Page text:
Sweetwater Rocks bighorn sheep bill clears Wyoming Legislature

    The Wyoming Legislature passed a bill this month that attempts to protect local ranchers from federal “overreach” if bighorn sheep are reintroduced at Sweetwater Rocks.

    Senate File 118 – now Senate Enrolled Act 66 – requires the Wyoming Game and Fish Department to remove bighorn sheep from the Sweetwater Rocks herd unit if any federal action requires, or indicates it might require, the elimination, reduction or suspension of domestic livestock grazing or trailing in the area.

    But Wyoming Rep. Sarah Penn, R-Lander, said her constituents who ranch near the Sweetwater Rocks are still concerned about the impact the reintroduction of bighorn sheep might have on their livelihoods, even with legislative protections in place.


    “Their concern is that we have trust issues with our feds,” Penn said when SF 118 came up on third reading in the Wyoming House of Representatives this month. “I understand that the point of this bill is supposed to be that the state can push back against fed, and I’m usually all for that. (But) the question is, what does the future hold? Do we trust that those relationships are there?”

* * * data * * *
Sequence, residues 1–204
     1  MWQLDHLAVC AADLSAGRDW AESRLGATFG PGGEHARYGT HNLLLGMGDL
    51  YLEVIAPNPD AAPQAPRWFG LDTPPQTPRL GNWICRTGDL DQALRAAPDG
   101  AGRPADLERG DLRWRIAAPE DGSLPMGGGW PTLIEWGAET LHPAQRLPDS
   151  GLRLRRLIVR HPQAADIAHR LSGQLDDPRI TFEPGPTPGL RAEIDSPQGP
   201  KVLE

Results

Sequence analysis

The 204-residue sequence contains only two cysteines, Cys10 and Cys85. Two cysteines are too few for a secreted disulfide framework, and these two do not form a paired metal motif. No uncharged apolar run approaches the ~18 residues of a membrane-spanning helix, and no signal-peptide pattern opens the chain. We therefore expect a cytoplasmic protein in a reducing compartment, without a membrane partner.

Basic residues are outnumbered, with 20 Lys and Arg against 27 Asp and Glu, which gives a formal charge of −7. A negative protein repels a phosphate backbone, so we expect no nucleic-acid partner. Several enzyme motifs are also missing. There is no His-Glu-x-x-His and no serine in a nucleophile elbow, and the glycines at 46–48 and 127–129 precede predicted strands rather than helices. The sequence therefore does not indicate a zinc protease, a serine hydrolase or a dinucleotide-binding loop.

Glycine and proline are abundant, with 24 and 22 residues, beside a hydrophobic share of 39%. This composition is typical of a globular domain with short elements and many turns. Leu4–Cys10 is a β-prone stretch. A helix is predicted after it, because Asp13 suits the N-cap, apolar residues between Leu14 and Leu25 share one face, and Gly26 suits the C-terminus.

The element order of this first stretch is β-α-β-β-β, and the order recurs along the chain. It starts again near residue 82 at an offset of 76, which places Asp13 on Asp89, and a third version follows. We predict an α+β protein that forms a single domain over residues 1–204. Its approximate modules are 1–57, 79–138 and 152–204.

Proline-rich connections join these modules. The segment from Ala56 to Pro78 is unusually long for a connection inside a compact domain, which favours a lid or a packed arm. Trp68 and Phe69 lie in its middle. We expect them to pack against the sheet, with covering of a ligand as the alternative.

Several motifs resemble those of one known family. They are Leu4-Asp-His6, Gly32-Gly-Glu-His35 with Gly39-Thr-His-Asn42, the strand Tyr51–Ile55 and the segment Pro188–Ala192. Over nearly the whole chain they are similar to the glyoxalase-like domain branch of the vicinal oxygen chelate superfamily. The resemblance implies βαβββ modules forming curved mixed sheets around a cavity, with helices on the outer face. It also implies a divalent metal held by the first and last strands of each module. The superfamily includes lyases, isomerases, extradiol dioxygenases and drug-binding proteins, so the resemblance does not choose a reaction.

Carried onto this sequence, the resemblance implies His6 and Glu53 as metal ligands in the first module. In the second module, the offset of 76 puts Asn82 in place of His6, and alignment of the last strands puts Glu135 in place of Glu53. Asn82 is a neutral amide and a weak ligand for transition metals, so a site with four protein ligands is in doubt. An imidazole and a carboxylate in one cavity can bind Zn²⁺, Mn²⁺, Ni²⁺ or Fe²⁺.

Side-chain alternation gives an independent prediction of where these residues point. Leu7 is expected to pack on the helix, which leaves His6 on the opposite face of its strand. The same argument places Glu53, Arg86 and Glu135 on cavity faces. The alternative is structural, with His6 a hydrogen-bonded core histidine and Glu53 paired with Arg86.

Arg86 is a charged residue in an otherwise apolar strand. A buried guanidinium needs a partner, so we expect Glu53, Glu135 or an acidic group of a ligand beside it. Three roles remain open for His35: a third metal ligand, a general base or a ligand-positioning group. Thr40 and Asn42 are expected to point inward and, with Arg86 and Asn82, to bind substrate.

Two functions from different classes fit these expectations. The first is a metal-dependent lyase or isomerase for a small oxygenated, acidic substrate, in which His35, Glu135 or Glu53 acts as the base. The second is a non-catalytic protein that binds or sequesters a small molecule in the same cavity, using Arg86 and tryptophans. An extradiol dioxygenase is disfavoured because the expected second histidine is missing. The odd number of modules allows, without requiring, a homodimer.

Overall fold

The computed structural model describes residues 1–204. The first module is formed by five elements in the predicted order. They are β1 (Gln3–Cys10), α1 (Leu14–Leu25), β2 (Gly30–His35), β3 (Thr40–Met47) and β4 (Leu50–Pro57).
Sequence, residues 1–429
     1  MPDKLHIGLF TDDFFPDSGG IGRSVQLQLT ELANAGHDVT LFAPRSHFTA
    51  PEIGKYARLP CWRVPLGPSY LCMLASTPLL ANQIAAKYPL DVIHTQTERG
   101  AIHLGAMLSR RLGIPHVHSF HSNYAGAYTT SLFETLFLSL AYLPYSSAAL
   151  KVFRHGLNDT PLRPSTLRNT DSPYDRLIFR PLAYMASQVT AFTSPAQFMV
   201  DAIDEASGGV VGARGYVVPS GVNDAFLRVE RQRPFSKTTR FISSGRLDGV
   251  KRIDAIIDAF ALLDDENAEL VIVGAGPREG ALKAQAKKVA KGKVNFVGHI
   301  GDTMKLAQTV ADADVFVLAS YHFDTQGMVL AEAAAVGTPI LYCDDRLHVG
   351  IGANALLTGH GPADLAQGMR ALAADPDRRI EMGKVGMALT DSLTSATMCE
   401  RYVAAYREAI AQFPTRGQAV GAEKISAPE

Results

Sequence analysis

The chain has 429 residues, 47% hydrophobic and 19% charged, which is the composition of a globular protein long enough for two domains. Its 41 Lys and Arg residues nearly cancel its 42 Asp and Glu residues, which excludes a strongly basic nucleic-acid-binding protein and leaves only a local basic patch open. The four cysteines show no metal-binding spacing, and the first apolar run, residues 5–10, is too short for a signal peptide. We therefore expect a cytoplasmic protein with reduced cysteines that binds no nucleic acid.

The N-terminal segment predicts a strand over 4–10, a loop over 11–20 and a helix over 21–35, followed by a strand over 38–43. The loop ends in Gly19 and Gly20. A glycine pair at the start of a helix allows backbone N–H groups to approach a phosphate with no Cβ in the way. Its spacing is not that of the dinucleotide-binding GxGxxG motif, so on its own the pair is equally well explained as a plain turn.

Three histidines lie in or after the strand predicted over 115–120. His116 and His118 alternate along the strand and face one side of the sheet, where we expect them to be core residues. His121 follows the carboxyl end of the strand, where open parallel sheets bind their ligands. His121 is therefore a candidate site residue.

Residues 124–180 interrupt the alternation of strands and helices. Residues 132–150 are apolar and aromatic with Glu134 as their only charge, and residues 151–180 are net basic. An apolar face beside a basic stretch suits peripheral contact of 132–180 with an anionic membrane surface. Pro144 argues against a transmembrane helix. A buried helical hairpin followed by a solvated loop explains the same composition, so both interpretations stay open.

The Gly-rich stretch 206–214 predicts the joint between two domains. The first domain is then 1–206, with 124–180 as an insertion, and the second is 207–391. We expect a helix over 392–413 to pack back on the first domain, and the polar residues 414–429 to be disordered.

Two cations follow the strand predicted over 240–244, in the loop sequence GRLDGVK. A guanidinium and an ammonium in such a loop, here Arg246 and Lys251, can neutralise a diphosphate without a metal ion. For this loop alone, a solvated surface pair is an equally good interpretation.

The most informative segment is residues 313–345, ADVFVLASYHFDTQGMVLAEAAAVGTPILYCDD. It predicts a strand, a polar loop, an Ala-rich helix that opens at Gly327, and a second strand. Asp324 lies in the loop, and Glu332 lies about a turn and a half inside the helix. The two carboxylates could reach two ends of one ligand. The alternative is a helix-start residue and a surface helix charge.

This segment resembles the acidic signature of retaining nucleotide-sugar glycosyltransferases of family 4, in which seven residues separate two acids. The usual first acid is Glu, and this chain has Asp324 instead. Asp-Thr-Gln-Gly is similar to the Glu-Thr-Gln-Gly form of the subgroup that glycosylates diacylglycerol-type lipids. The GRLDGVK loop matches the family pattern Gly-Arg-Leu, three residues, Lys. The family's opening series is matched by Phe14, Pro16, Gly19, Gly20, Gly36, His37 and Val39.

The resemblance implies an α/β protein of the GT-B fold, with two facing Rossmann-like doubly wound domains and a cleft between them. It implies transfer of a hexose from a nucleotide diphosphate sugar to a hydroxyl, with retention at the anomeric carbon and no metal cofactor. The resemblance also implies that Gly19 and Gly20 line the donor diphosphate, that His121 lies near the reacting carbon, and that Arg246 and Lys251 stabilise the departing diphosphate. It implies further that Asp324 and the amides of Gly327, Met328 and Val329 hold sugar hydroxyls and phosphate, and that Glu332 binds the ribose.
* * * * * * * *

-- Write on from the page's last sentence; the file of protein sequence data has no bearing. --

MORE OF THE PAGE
Wyoming Rep. Pepper Ottman, R-Riverton, said bighorn sheep shouldn’t be reintroduced to Sweetwater Rocks “until the federal government puts in writing that no permits will be adversely impacted and the management plan not opened up.”

    “This is a real threat (to) these ranchers – this is everything that they have,” Ottman said. “For the protection of these grazing rights out on this allotment, we need to have federal legislation that specifically states that grazing will not be impacted and the resource management plan will not be open due to any new management practices.”

    Wyoming Rep. Lloyd Larsen, R-Lander, agreed that the ranchers near Sweetwater Rocks have “a serious and valid concern” about the impacts bighorn sheep could have on their grazing leases – but he also pointed out that SF 118 addresses those concerns by enacting “sideboards (to) protect domestic livestock.”


    Those protections are “not in place now,” he added, calling SF 118 “an important step to mitigating all of the conflict and the uncertainty that currently exists.”

    Larsen was the only local representative to vote in favor of SF 118 on third reading this month.

    The final version of the bill states that the new law would only take effect “after applicable federal law is enacted (that) aligns with the purposes of this act.”


    If no such law is enacted, the bill will become effective Jan. 1, 2026.


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